As focusing on each of the five management assertions for the inventory account, we discovered that there are some risky areas that indicate the need for further attention during the audit. First of all, for existence or occurrence, all items in the inventory account must physically exist and be available for sale. Thus, the auditors should physically count finished goods, copper rod, and plastic inventories, and determine actual increase of inventories at year end. Also, they should select items from the inventory ledger and locate them and reconcile the quantity. Second, for completeness, the auditors should make sure that all existing inventories have been recorded completely , go around the warehouse and ensure all the inventories are recorded in the inventory ledger. Third, for valuation or allocation, the auditors should make sure that Laramie Wire manufacturing sticks with one valuation method(For inventory items, valuation is based on the lower of cost or market value, with several alternative methods for calculating cost), find out if there is any scrap inventory that needs to be recorded and written off ,and ask about obsolescence items. Fourth, for rights and obligations, the auditor should ask them if there is any consigned inventory at their warehouse. If there is, those inventories should not be recorded in the company's inventory ledger. Finally, for presentation and disclosure, the auditors should review the company's financial
Most of the criticism directed at Crazy Eddie's auditors stemmed from their failure to uncover the huge overstatement of the company's inventory and the related understatement of accounts payable. Third parties who failing to thoroughly investigate numerous suspicious circumstances they discovered. If I was a member of the Crazy Eddie audit team in 1986 and assigned to test the client's year-end inventory cutoff procedures. I selected 30 invoices entered in the accounting records near year-end; 15 in the few days prior to the client's fiscal year-end and 15 in the first few days of the new year. Assume that Client personnel were unable to locate 10 of these invoices. Since not having 10 invoices out of 30 requested in the end and beginning of the fiscal year should be pretty suspicious and should surely be noted in the final audit report. However to proceed with the audit I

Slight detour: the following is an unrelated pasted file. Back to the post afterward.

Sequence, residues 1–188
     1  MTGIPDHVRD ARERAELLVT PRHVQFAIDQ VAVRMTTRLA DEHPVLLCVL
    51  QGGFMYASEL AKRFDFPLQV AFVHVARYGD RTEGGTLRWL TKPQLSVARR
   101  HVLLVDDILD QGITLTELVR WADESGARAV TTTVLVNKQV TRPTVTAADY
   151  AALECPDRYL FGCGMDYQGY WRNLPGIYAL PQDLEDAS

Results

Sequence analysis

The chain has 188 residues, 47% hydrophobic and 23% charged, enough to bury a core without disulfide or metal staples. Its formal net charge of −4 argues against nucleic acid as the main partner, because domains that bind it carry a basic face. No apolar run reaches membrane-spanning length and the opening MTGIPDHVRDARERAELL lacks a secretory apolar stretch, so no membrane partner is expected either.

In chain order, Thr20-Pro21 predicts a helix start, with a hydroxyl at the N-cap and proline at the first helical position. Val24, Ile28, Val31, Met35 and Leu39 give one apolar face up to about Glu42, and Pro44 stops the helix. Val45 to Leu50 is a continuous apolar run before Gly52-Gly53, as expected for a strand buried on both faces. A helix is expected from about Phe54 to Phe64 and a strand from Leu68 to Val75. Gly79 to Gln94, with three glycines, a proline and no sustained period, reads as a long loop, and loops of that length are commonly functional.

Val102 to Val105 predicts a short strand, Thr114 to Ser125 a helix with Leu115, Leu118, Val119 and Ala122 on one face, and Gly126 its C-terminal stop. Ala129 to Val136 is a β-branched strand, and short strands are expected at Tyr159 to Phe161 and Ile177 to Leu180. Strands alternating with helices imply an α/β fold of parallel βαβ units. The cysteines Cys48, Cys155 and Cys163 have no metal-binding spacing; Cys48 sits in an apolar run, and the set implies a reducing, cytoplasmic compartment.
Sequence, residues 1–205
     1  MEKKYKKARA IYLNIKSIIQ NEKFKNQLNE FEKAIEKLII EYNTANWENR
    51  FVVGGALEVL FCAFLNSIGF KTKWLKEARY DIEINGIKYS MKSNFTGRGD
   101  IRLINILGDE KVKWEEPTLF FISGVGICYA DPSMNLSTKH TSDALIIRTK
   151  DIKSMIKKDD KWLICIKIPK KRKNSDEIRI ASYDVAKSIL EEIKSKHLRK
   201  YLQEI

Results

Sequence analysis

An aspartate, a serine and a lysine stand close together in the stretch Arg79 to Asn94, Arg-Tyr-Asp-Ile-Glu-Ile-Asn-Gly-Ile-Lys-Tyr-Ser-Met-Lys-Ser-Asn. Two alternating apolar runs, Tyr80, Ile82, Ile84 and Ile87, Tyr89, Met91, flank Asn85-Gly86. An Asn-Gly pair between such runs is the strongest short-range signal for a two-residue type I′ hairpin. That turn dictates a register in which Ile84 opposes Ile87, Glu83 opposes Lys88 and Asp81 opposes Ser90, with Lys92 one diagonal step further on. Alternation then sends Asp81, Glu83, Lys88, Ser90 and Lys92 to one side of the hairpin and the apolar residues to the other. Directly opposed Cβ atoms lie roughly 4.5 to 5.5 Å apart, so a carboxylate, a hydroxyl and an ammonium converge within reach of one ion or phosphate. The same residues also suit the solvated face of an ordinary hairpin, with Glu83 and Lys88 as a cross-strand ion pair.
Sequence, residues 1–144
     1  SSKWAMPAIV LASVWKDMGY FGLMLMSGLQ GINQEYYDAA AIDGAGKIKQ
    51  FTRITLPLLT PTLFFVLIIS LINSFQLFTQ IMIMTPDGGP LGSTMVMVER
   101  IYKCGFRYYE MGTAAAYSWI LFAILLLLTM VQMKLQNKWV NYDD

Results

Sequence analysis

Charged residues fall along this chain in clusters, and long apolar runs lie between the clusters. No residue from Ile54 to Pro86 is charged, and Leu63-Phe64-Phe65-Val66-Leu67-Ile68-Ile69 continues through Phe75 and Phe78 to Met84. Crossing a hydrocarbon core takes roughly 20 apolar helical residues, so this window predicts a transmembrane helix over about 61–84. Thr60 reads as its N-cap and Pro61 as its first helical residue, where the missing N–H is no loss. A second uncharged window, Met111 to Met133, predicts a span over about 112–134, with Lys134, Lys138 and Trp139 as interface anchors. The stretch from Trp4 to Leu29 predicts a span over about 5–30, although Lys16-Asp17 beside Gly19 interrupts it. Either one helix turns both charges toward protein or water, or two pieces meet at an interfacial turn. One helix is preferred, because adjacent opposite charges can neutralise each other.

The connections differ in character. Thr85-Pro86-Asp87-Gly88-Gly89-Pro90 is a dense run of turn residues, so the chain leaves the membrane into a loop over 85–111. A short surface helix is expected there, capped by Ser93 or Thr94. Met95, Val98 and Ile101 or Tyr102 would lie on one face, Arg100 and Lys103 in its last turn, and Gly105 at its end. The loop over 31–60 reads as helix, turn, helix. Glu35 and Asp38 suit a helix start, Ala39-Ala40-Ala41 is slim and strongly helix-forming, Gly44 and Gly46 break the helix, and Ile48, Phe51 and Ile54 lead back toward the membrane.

Analyze the audit opinion formulation process and suggest at least one (1) improvement to the process to strengthen audit opinions. Provide a rationale to support your suggestion.
The audit procedures that an auditor is supposed to perform are there to help protect from fraud that may occur. The falsification of inventory count sheets could have been prevented if the auditor would have verified the information that was on the sheets. Crazy Eddie executives were excellent at staying one step ahead of the auditor because they knew in advance which stores the auditors would visit, then they would ship merchandise to those specific stores.
Sloan and Spencer Auditing Firm during phase III of Apollo Shoes audit plan, we will focus in two key cycles, which are the following: inventory and warehouse cycle and cash cycle. It is important to understand that are six types of transactions in the inventory and warehouse cycles which are: receive raw materials, store raw materials, process purchase order, and process of goods, store completed goods, and ship completed goods. In addition, it is important understand that cash is chiefly important and exceedingly vulnerable to fraudulent activity this is why an
On top of all that, Cardozo and Co, Inc.’s new CEO has requested for the accountant to not comply with summons or subpoenas of information related to the company. To analyze what the small accounting firm can be charged with or sued for, there are a few facts that need to be taken into consideration. While preparing the registration statement, the accountant discovered irregular entries he believed to be bribes that he ignored. There was also errors he did not discover, such as the overstatement of net sales and net profits. First, I will cover the common law liabilities, followed by the statutory liabilities, then explain the accountant-client
The inherent risks in an extremely competitive industry or sub-industry may include inappropriate revenue and expenses recognition, aggressive competing strategies, and unethical management in order to manipulate the financial situation and statements of the company. For example, management may try to improperly increase sale/revenue numbers by pushing merchandises to customers before year-end cut off or management may refuse to write off large obsolete inventory accounts which have decrease in value which in turn falsely exaggerates asset accounts. These risks may greatly affect the audit planning process. Auditors should pay more attention to audit procedure in testing cut off sale and expenses. Furthermore, auditors should determine the audit procedures to spend more time and resources to examine the client’s inventory accounts and the fair value of